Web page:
Amid warnings of possible terrorist attacks, more than two dozen hotel security staff dressed in red Santa Claus outfits used metal detectors to inspect cars and visitors entering a five-star hotel in the center of the capital, Jakarta.
As policemen with machine guns looked on, some of Jakarta's Santas frisked visitors and opened bags to check for any unwanted Christmas gifts.
Nyoman, one of 27 security guards dressed as Santa Claus at the Mandarin Hotel, said: "We're doing this to celebrate Christmas. Hopefully, we can do this again next time."
Indonesian police have been ordered to tighten security across the country amid warnings of possible attacks during the Christmas and New Year's celebrations.
Some 61,000 security personnel have been deployed throughout the 17,000-island archipelago, a senior police official said on Friday.
Indonesia has already seen sporadic bombings blamed on the al-Qaida-linked Jemaah Islamiah, a militant Southeast Asian network.
Police across Indonesia, the world's most populous Muslim country are hoping to prevent a repeat of 2000 Christmas Eve bombings of churches in several Indonesian cities which killed 19 people.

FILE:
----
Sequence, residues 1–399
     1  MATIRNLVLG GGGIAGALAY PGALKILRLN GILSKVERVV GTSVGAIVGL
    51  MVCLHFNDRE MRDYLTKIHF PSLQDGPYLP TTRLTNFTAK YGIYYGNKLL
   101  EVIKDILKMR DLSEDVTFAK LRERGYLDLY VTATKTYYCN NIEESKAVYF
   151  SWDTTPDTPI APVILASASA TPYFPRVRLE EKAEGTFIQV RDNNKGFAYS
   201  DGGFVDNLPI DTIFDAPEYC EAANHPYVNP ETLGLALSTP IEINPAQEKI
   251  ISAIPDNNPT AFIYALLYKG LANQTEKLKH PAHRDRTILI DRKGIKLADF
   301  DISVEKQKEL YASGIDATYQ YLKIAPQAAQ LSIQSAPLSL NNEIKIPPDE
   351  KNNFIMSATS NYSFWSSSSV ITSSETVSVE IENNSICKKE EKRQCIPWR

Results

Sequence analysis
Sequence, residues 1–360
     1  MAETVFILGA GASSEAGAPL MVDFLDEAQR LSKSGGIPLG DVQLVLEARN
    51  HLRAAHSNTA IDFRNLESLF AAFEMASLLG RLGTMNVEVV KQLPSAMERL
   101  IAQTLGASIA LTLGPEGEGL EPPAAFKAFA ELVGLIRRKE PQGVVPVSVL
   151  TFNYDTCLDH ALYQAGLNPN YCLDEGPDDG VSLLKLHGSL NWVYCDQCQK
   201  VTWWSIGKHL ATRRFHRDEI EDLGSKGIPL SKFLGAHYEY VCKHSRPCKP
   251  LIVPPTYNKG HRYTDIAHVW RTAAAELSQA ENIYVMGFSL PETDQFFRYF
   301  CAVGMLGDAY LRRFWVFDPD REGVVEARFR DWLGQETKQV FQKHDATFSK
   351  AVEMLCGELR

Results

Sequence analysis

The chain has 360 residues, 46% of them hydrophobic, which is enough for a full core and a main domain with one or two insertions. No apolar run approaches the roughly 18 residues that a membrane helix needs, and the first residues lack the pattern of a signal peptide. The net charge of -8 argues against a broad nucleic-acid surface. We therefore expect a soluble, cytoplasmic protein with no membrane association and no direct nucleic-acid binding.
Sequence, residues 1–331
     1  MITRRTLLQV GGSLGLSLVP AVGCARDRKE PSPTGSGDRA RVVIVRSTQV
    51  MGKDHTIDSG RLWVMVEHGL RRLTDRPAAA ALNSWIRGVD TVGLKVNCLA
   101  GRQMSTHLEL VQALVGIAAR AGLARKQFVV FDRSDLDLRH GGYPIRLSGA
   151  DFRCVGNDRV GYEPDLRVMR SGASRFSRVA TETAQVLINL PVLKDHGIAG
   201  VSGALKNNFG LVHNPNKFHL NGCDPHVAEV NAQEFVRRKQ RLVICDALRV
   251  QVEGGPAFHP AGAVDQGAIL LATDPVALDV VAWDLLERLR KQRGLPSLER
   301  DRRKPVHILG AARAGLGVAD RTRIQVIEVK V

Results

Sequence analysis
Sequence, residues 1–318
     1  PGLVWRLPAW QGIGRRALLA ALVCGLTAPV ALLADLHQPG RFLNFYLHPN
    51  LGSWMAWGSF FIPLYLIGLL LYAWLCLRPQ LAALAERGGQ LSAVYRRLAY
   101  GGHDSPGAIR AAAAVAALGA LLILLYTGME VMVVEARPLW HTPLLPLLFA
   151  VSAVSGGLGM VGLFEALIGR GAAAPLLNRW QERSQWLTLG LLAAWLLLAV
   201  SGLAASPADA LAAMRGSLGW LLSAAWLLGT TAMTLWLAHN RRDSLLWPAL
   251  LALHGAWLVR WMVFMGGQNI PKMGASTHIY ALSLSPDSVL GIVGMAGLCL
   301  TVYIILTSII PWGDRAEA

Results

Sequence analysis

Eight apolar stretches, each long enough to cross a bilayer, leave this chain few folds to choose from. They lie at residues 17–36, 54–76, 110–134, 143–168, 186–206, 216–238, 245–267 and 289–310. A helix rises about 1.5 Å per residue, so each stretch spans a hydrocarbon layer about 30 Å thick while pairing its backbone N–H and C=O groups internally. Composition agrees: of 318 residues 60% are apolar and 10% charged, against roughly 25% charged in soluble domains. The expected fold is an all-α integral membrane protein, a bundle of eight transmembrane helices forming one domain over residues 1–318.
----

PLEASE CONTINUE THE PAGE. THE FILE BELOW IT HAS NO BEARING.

Security has been tightened
Police Major-General Firman Gani said the Southeast Asian group Jemaah Islamiyah might retaliate for last month's death of bomb-making expert Azahari bin Husin, who was gunned down in a police raid.
"The terrorists have said they will use the momentum of Christmas and the New Year celebrations to carry out attacks," he said, adding that there were also indications that Jemaah Islamiyah may be changing its tactics.
"They may not use a car bomb or explosives in bags any more," he said.
"They could be carrying small bombs that can be thrown at a building or into a crowd."
Over the next several days, more than 17,000 soldiers and police will be deployed at churches nationwide, he and other intelligence officials said. Muslim groups have also offered to help protect Christian churchgoers over the holidays.
Additional guards and patrols will be dispatched to protect high-ranking government officials, diplomats and foreigners.